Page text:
After years of putting off or ignoring supply chain sustainability in favor of operational sustainability, the average company’s supply chain greenhouse gas (GHG) emissions are now 11.4 times the amount generated by their operations. In retail, that figure soars to 28 times.
Through an insistence on supply chain sustainability, you can dramatically lessen disruptions, reduce environmental risks, ensure supplier compliance and transparency, and help strengthen supporting industries. Even small or incremental changes can make a big difference in a relatively short amount of time.
Consider Costs of Delay
Supply chain sustainability is interchangeable with supply chain risk management. Although sustainability can require a significant investment, the risks being avoided generate substantial costs as well.
Corporate buyers face $120 billion in costs related to environmental risks in their supply chain through 2026. Embracing supply chain sustainability now can reduce risk and avoid most, if not all, of the associated costs.
To paraphrase a well-known idiom, some things not only cost, but they also pay. An estimated 38% of companies say that higher costs make it hard to adopt a sustainable supply chain, even though 34% admit that they expect a sustainable supply chain to ultimately reduce costs.
Your brand and business reputation are just as important. Customers worldwide are demanding better adherence to environmental, social, and governance (ESG) standards. Without supply chain visibility, “guilt by association” damage is much harder to avoid. You may not be aware of n-tier suppliers engaging in environmental injustices or unfair labor practices until customers start holding you accountable.
Review Funding Sources
When budgeting for sustainability initiatives, start by considering not only the cost of solutions but the long-term impact they will have on your bottom line.
Many companies base their investment in supply chain sustainability on a percentage of sales or a percentage of the cost of goods sold (COGS). Some find they can transfer a portion of their operational sustainability budget to supply chain initiatives. Still, others may choose to reduce dividends or retain earnings to help cover the costs.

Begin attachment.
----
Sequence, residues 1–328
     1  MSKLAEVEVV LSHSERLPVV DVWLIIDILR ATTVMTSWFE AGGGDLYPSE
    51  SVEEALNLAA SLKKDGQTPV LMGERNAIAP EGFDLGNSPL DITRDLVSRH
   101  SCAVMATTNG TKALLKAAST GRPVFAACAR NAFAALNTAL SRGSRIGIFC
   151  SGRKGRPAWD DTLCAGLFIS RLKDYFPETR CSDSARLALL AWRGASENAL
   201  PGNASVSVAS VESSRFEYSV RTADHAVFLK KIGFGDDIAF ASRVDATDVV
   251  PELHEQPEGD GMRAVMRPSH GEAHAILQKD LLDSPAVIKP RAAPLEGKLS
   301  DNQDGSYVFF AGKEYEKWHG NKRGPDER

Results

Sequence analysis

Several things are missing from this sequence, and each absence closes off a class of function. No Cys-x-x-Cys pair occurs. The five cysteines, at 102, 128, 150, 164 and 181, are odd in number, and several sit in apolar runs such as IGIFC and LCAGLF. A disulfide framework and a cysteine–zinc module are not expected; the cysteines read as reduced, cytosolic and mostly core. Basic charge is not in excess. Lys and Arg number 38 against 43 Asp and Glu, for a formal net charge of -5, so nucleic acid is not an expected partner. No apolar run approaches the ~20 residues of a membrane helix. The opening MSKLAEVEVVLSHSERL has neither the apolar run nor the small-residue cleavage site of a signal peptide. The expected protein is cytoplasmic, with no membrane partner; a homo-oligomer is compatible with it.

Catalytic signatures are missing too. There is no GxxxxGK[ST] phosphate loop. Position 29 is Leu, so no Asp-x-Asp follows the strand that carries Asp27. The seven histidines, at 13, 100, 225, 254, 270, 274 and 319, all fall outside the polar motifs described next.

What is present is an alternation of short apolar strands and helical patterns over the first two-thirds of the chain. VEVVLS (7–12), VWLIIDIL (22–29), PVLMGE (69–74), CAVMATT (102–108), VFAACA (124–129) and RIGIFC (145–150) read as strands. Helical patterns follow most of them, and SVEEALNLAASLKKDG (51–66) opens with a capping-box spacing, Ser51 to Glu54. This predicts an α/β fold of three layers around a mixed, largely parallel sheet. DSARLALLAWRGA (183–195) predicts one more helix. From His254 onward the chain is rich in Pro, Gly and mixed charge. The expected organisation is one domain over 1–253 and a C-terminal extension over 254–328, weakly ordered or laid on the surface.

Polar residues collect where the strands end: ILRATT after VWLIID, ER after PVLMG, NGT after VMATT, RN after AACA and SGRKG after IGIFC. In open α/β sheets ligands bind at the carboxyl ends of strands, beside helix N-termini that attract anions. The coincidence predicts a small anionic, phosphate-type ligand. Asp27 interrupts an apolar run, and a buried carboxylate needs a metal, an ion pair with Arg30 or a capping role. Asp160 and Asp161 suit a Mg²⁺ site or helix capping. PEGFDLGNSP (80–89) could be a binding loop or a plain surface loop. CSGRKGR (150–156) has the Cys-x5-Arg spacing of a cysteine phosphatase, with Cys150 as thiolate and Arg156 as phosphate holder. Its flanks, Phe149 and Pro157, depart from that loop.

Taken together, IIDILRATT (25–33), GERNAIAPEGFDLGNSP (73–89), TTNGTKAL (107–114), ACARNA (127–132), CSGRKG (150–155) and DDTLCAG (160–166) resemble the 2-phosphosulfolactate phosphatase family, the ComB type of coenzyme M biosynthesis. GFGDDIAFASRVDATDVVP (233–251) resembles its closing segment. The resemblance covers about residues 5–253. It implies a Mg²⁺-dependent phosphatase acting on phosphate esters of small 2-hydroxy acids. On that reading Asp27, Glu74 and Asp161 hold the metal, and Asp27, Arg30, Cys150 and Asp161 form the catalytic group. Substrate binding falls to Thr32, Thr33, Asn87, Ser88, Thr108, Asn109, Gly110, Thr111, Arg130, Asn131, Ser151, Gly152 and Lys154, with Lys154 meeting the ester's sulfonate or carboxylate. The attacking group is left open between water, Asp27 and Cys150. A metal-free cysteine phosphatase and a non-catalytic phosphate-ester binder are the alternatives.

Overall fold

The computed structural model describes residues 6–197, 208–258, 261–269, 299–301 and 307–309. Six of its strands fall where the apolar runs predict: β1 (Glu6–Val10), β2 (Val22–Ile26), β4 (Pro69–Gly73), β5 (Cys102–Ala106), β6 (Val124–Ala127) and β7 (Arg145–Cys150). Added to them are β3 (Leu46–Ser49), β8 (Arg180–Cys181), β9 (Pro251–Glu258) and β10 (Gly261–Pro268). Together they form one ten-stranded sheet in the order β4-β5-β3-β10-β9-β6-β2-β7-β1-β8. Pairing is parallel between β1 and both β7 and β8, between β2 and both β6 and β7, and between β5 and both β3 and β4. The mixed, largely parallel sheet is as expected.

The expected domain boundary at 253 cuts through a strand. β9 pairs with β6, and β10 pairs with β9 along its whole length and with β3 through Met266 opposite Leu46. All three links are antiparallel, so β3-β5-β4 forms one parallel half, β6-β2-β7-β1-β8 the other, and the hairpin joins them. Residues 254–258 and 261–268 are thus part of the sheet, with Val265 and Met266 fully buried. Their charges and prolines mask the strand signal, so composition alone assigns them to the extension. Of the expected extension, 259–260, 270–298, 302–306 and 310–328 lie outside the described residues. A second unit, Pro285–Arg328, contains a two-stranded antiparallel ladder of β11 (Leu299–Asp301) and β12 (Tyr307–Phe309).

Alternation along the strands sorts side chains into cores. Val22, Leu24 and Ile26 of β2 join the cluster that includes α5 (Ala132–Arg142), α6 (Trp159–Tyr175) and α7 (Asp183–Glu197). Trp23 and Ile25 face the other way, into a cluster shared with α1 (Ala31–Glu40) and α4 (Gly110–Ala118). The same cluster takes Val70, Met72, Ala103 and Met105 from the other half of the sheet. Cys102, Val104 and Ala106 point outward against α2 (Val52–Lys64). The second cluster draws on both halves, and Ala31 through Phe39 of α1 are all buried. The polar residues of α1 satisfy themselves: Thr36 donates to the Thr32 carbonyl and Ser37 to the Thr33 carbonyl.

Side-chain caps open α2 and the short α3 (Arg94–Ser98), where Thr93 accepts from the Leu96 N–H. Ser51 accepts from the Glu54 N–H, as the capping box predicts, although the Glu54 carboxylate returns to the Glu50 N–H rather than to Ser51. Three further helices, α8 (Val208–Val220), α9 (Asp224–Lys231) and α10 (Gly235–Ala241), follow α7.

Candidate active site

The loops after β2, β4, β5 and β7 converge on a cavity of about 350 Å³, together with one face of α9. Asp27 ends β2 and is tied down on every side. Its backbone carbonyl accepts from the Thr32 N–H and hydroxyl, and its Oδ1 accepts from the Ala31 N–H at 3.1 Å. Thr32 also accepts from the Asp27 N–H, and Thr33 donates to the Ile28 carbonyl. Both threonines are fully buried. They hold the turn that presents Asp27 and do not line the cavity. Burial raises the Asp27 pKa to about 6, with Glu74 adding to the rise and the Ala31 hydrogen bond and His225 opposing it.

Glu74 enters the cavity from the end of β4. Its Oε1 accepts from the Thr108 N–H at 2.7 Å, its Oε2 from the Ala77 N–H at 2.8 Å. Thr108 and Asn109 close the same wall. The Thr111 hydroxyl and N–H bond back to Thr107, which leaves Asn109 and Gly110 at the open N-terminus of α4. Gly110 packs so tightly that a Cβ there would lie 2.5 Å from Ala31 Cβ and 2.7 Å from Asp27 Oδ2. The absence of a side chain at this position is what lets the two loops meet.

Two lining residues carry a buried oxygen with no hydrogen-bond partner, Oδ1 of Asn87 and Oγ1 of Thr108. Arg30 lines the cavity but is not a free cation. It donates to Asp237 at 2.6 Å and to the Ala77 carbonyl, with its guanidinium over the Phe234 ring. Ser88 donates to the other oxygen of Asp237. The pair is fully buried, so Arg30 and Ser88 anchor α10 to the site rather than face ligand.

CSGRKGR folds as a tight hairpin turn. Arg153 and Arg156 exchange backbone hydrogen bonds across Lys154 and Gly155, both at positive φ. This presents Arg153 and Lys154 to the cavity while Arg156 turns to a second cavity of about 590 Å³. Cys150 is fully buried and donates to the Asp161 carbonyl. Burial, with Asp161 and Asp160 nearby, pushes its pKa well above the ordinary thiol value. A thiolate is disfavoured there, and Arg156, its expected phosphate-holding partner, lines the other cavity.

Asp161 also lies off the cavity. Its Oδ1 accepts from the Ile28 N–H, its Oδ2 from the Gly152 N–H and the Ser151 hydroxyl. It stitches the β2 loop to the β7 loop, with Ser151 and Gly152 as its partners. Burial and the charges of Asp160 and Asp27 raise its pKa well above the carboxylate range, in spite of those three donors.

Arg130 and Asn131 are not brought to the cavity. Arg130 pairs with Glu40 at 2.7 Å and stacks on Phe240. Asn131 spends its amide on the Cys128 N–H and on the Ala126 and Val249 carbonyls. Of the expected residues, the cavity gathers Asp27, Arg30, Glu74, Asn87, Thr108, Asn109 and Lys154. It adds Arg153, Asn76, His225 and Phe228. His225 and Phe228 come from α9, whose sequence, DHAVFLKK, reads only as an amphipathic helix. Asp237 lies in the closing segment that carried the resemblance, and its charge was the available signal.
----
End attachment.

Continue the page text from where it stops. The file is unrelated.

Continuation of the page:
To make sustainability a priority, you have to look beyond operations. Remarkably, only 37% of companies, including organizations that place a high value on operational sustainability, say they work with suppliers to cut emissions.
Making your supply chain lean and green can be a complex and expensive process. Remember that you don’t have to do everything at once. Your journey toward an eco-friendly supply chain and reduced carbon footprint is generally composed of many smaller, incremental changes over time. Here’s a sampling of incremental supply chain sustainability initiatives that you could pursue at comparatively low cost:
Revise your warehouse layout. You may find that you can handle the job just as effectively in a smaller footprint.
Redesign your packaging to use less material. Doing so may also cut costs (plus you get the opportunity to update branding).
The simplest steps toward optimizing inventory – replacing spreadsheets with inventory management software, for example – can help reduce power consumption and emissions, rationalize warehouse space, maximize operations, and improve transportation efficiency in one fell swoop.
Use constraint-based planning to help eliminate unnecessary setup, reduce waste, and utilize available capacity more efficiently.
Upgrade to more efficient truck models when replacing your current delivery fleet.
Work gradually toward a more sustainable, transparent, and resilient supply chain by holding new suppliers accountable to environmentally friendly standards.
A budget-friendly step to help you plan your sustainability budget and processes to is learn from what others are doing. For example, more than 500 businesses, from aerospace and auto manufacturers to food and pharmaceutical companies, have visited Subaru of Indiana to observe their ESG and sustainability practices.
Following the parent company’s establishment of a zero-waste policy in 2002, Subaru of Indiana undertook operations and supply chain sustainability initiatives that have been overwhelmingly successful. They have not sent anything to a landfill since 2004.
The plant includes a three and a half million square foot factory in which 5,500 people assemble 375,000 cars each year. Since achieving zero-landfill status 18 years ago, Subaru estimates their sustainability practices at the plant save about $1-2 million annually. Some of the initiatives include:
Suppliers are asked to ship parts in reusable containers so that Styrofoam packaging can be used multiple times.
Non-hazardous, non-recyclable materials (about 5% of the plant’s total waste) get incinerated. This produces energy and creates ash for use in road-resurfacing material.
They use vendors to recycle cardboard, paper, aluminum, pallets, and plastics such as polyethylene and polypropylene.
They offer cash and other rewards for employee suggestions to improve environmental stewardship.
Polymer bumpers that get damaged on the assembly line are ground up. This is then sent back for re-use in the molding machine.
Cafeteria waste goes for composting and employees with flower and vegetable gardens get to take the compost home.
Companies often struggle to budget for sustainability initiatives because they simply don’t know enough about costs and impact. To budget for a more sustainable supply chain, consider the costs of delay, review potential funding sources, start with incremental changes, and learn from others.